We know vehicles contribute to air pollution. But for many, walking, cycling and taking public transport to work isn’t an option. Mobility issues that preclude active commuting, distance from the office and poor public transport; there are many reasons commuters opt for private vehicle travel. But all of these issues are based around the same fixed-factory mindset. Our need to be at a designated location at the same time every day almost guarantees congestion.
That’s why decentralising your business and enabling your team to work Anywhere is so advantageous. By enabling your team to collaborate digitally, you reduce the amount of time they have to travel in highly congested areas.
Not only does this reduce their exposure to excessive PM2.5 and NO2 levels, it can improve their mental health too. A study by VitalityHealth with the University of Cambridge found that commuters travelling less than half an hour gain an extra seven days’ worth of productive time each year compared to those commuting for 60 minutes or more. It also found that those commuting longer were 33% more likely to suffer from depression.
Exercise has been proven to decrease depression. A 2017 study by the University of New South Wales found that “people who reported doing no exercise at all had a 44% increased chance of developing depression compared to those exercising one to two hours a week.” But, in areas with high concentrations of PM2.5 and NO2, even active commuting can damage health.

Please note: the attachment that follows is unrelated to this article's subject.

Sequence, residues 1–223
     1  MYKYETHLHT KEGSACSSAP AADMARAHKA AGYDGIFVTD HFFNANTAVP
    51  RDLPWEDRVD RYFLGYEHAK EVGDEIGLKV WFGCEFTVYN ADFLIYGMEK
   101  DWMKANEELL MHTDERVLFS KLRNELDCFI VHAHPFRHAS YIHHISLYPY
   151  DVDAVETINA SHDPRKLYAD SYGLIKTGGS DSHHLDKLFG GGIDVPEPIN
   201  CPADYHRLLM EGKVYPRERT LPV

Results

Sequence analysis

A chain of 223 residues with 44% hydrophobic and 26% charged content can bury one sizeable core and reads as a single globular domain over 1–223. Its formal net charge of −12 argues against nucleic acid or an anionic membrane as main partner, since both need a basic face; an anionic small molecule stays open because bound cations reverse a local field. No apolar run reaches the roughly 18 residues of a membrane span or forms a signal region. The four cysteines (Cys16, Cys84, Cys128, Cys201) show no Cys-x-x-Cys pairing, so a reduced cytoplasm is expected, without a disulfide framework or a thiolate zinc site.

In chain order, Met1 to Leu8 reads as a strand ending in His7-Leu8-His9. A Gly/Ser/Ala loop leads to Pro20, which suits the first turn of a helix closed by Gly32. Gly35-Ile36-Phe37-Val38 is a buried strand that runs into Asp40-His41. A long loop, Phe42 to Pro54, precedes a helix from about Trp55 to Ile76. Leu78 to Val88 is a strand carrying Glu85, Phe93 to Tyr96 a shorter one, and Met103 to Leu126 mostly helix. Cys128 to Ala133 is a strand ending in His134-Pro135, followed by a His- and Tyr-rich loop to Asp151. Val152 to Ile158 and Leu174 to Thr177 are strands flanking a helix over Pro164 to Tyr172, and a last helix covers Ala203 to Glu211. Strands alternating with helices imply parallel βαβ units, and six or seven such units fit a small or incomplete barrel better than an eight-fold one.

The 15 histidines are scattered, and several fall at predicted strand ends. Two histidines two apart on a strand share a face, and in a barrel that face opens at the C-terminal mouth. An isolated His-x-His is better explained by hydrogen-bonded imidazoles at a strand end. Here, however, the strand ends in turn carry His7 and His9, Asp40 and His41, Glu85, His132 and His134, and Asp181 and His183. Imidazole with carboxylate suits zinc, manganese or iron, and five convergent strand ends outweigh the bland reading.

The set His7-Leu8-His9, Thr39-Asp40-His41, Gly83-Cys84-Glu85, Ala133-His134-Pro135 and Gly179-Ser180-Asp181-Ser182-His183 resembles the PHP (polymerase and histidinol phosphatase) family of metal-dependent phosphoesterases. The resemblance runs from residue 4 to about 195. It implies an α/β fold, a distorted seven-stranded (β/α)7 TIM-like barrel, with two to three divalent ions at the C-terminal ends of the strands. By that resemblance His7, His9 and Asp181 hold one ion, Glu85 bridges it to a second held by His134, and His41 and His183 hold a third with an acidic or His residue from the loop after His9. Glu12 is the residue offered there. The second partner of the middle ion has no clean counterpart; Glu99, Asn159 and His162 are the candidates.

But with fewer cars on the road, air quality improves. In turn, the risk of stroke, heart disease, lung cancer, and chronic and acute respiratory diseases decreases. By breaking the cycle and changing commute-culture, active travel becomes more viable for everyone.
SHRINK OFFICE SPACE
Pollution isn’t limited to the vehicles we drive. Office buildings require large amounts of urban space. They contribute to light pollution and increase particulate matter concentrations in surrounding areas. Buildings also prevent rainwater from being absorbed into the ground. This, in turn, creates more rainwater runoff that increases flooding and contaminates nearby water sources.
Buildings account for 36% of global final energy use and 39% of energy-related CO₂ emissions, a UN 2017 Global Status Report found. Buildings were also responsible for 67% of electricity consumption and related (i.e. indirect) emissions in the UK in 2018.
Some people suggest concentrating a team in one place can be beneficial. Sharing lighting, heating and amenities within one space, they argue, uses less energy than employees working in individual home offices. But the majority of these employees still use energy to power their homes, even when they’re not there.
Plus, a study by Flexibility found that, in the average office, desks are actually used only 45-50% of the time. Likewise, the majority of offices also sit dormant 62% of the time according to a 2019 Gensler Research Institute study.
Many of these offices continue to consume power through heating, lighting and safety systems even when they’re not occupied. When companies allow their team members to commute digitally, offices are used less. With the freedom to scale down office space, businesses can cut down on unnecessary overheads. That means more revenue to invest in people, planet, purposes and profits.